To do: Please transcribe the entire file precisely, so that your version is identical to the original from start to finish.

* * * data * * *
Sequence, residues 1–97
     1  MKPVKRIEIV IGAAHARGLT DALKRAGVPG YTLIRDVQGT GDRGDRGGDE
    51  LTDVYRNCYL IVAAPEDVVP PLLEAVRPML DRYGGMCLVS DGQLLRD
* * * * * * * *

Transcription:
Sequence, residues 1–97
     1  MKPVKRIEIV IGAAHARGLT DALKRAGVPG YTLIRDVQGT GDRGDRGGDE
    51  LTDVYRNCYL IVAAPEDVVP PLLEAVRPML DRYGGMCLVS DGQLLRD